What Do Flies Symbolize in The Bible?

Flies are mentioned numerous times throughout the Bible, often in reference to plagues and judgments from God. However, flies can symbolize different things based on the context in which they appear. In this comprehensive blog post, we will explore the significance of flies throughout Scripture and what they represented to the ancient Israelites. We will look at key passages that mention flies in both the Old and New Testaments.


Flies have been seen as pests and sources of disease throughout history. However, in ancient Biblical times, flies were more than just a nuisance – they held much symbolic significance. The presence of flies or fly imagery in Scripture often indicated corruption, death, disease, or judgment from God.

To the ancient Israelites, flies were seen as unclean creatures that carried disease and decay. They were associated with the pagan religious practices of Israel’s enemies. The swarming of flies was viewed as a curse from God and a sign of His divine wrath.

In this blog post, we will dive deep into the Biblical symbolism of flies. We will explore key questions such as:

  • What passages of Scripture mention flies and what do these passages signify?
  • How did flies represent judgment, corruption, and death to the Biblical authors?
  • What is the spiritual meaning and significance of flies in the Bible?
  • How do flies point to the sovereignty of God over plagues and judgments?

By the end of this post, you will have a thorough understanding of the meaning of flies throughout Scripture and what they represented to the people of ancient Israel. Let’s explore the Biblical symbolism of flies!

Key Takeaways:

  • Flies often represented corruption, death, disease, false gods, and God’s judgment in Scripture
  • Swarms of flies were seen as curses and plagues from God
  • The presence of flies demonstrated the enormity of God’s power
  • Flies highlighted the unclean and temporary nature of earthly life
  • Jesus Christ has power over demonic forces, including Beelzebub, the “Lord of the Flies”
  • Believers can have victory in Christ over the corruption and death flies represent
What Do Flies Symbolize in The Bible?

Flies Representing Corruption and Death

One of the most common symbolic meanings of flies throughout Scripture is corruption, decay, and death. This is because flies are attracted to and lay eggs in decaying matter. They carry disease and their presence indicates the presence of death.

For example, in Ecclesiastes 10:1 the writer declares:

Dead flies putrefy the perfumer’s ointment, And cause it to give off a foul odor; So does a little folly to one respected for wisdom and honor. (NKJV)

Here, dead flies ruining perfume represent how even a little foolishness can ruin the reputation of someone considered wise. The image of flies corrupting something pure points to how quickly corruption spreads.

Similarly, Exodus 8:24 states regarding the plague of flies:

And the LORD did so. Thick swarms of flies came into the house of Pharaoh, into his servants’ houses, and into all the land of Egypt. The land was corrupted because of the swarms of flies. (NKJV)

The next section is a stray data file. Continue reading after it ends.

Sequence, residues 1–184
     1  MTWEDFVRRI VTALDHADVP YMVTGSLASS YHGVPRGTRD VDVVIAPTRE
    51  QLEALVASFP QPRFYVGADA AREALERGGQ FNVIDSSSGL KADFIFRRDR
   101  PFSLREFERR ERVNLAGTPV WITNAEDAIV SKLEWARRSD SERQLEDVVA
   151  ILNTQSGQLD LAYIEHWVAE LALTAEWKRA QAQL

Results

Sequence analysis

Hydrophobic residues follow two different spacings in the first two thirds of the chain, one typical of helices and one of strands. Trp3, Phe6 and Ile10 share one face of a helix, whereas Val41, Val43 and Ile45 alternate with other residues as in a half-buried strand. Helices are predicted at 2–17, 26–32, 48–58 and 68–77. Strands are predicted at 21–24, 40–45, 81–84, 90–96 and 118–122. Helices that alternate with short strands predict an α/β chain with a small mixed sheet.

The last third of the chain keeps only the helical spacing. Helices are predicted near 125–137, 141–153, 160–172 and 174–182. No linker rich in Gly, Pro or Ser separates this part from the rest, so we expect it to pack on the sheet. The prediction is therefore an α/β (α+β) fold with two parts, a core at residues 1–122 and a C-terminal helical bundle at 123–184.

The swarms of flies during this judgment corrupted and ruined the land, just as flies corrupt and carry disease. The flies here demonstrate the corruption and decay Egypt was undergoing for refusing to obey God.

Plagues of Flies as God’s Judgment

The most prominent passage involving flies is the plague of flies God sent against Egypt in Exodus 8. Pharaoh had refused to let the Israelites go out of slavery, so God sent a devastating plague. Exodus 8:20-24 states:

And the LORD said to Moses, “Rise early in the morning and stand before Pharaoh as he comes out to the water. Then say to him, ‘Thus says the LORD: “Let My people go, that they may serve Me. Or else, if you will not let My people go, behold, I will send swarms of flies on you and your servants, on your people and into your houses. The houses of the Egyptians shall be full of swarms of flies, and also the ground on which they stand. And in that day I will set apart the land of Goshen, in which My people dwell, that no swarms of flies shall be there, in order that you may know that I am the LORD in the midst of the land. I will make a difference between My people and your people. Tomorrow this sign shall be.”’” And the LORD did so. Thick swarms of flies came into the house of Pharaoh, into his servants’ houses, and into all the land of Egypt. The land was corrupted because of the swarms of flies. (NKJV)

This plague was an epic and devastating judgment on Egypt for refusing God’s command to free his people. The swarms of flies corrupted and ruined the land, just as the Egyptians’ sin and hard-heartedness corrupted their souls.

The flies afflicted everyone in Egypt except for the region of Goshen where the Israelites lived. God promised protection for his people while sending this judgment on the unrepentant Egyptians. The flies demonstrated that the one true God was sovereign over all creation, able to control even the smallest of creatures for His purposes.

This dramatic plague highlights how flies symbolized corruption, judgment, and death throughout Scripture. The swarms of flies were a vivid reminder of the decay that comes from disobeying God.